Following last week's blog my neighbour contacted me and offered to help with the walling and moving the big stones.
So on two days, there has been two of us doing the building work. And what a difference an extra pair of hands makes!
By Saturday, the straight section of wall is complete and has been topped off with soil, ready for planting trailing Aubrieta.
The curve around the old Myrobalan Plum is also complete with the stones lined up with where the section in front of the garden sheds will hold back a small flat working area - somewhere to cut logs etc.
We still had to use the chain hoist a couple of times to move the heaviest stones, but otherwise they were lifted, rolled or man handled into place.
Saturday morning was spent in finishing the Coverband stones on the wall and completing the wall around the curve.
What I've decided to do is to move the wood store, so it is against the new wall which will then free up quite a large amount of space to continue wall building, making the steps and generally easing the construction using the space in the old fold yard.
The next two weeks will be fine, warm and sunny, no sign at all of the rainfall which should be starting sometime soon.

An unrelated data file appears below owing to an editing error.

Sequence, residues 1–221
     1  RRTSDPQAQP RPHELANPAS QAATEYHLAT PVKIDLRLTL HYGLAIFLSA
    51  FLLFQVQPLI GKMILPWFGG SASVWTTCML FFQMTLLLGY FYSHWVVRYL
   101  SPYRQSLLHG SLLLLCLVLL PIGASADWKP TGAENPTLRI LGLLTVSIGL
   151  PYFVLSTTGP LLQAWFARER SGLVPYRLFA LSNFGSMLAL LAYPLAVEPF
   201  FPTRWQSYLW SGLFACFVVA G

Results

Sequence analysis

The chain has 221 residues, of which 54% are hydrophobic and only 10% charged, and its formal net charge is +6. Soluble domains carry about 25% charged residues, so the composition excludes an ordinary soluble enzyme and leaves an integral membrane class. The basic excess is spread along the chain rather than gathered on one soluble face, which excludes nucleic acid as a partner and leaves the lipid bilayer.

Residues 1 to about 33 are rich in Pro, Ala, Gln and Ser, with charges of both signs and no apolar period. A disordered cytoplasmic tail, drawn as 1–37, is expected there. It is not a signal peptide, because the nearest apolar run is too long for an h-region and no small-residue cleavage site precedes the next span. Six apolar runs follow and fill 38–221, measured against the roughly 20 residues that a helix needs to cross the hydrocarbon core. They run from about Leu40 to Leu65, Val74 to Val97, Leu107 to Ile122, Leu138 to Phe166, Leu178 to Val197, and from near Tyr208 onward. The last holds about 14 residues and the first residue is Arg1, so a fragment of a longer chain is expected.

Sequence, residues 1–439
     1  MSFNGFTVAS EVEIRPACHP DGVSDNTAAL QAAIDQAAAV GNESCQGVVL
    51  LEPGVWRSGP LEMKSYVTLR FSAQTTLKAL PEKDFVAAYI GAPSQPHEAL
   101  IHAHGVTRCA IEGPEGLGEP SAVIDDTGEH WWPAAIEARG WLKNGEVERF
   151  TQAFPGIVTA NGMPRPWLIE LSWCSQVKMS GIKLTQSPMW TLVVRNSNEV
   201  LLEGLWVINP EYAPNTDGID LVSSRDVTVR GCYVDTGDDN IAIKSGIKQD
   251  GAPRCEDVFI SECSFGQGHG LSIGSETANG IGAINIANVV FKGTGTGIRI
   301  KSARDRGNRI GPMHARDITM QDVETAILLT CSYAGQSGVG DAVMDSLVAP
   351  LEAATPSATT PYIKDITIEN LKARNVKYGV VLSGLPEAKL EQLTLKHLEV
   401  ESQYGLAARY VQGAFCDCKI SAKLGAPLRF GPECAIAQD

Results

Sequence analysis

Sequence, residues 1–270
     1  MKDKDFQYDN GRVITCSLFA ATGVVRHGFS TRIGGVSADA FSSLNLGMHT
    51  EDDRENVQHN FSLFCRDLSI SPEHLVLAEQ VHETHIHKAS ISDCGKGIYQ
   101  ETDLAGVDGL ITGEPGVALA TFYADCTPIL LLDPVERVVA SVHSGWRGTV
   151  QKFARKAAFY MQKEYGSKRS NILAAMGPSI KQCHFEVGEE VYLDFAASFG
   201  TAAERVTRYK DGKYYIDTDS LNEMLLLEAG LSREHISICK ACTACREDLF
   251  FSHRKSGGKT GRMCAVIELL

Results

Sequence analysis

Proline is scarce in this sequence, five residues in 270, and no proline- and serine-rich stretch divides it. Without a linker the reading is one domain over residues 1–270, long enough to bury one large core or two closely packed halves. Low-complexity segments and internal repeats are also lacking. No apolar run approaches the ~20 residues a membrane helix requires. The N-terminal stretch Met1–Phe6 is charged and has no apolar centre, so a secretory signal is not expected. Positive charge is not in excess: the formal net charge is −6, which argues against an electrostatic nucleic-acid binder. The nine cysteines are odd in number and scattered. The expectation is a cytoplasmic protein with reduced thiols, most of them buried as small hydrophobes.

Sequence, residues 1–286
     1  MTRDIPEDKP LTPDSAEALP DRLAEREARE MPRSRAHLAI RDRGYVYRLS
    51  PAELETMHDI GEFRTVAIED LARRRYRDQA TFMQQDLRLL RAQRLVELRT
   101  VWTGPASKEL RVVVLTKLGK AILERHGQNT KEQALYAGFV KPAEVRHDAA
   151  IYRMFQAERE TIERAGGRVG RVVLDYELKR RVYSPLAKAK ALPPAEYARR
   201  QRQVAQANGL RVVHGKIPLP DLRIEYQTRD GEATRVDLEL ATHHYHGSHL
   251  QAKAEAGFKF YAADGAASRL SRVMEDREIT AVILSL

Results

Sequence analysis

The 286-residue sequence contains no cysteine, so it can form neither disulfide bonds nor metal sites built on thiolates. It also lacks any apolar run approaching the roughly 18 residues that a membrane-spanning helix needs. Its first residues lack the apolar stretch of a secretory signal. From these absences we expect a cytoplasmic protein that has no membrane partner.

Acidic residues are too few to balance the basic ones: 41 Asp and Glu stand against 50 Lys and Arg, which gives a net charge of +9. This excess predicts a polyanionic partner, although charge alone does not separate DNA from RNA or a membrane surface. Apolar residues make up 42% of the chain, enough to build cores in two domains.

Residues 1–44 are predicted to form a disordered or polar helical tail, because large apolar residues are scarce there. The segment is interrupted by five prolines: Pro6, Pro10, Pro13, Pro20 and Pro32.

Looking back over the weather data for the past four years, each summer has been different, with lessening amounts of rainfall each year.
This was brought home to me this week when a friend called round one evening to ask for help with some internet searching. This was before I had done my evening watering rounds and by the time he left, it was dark and too late.
The next morning when I did my usual walk around, six of the young citrus trees in the orchard were showing signs of severe stress, with their leaves curled and drooping.
I had only missed one evening's irrigation.
This told me that the underlying soil is dry as deep as their roots go.
Over time, they will of course extend their roots deep into the sub soil and rocks, to find moisture, but until they have, I will need to keep up with the drip irrigation.
The base of each tree is already protected with a weed matt and thick mulch, but clearly this is not enough, even with irrigation, to stop the root system drying out.
Getting ready for winter, I thought I would put some polish onto the funnel of my weather station's rain gauge.
I think this is the first time I have opened it in perhaps three years.
Some polish on the funnel to ensure every molecule of H2O is collected, was actually the least of the work.
The see-saw dockets which fill rain with water then tilts, causing 0.7mm of water to be recorded as falling - the minimum quantity - were actually lined with dust and detritus.
Even though the gauge is not left permanently outside (to preserve the plastic), it still caught wind borne sand, dust and particulates.
I needed to remove the see-saw to get at the dockets to clean them, which once done showed the extent of the accumulation. This is where you need to think outside the box. I don't like throwing things away, so I have a box with old electric toothbrush heads in. I also have a used toothbrush motor in the workshop.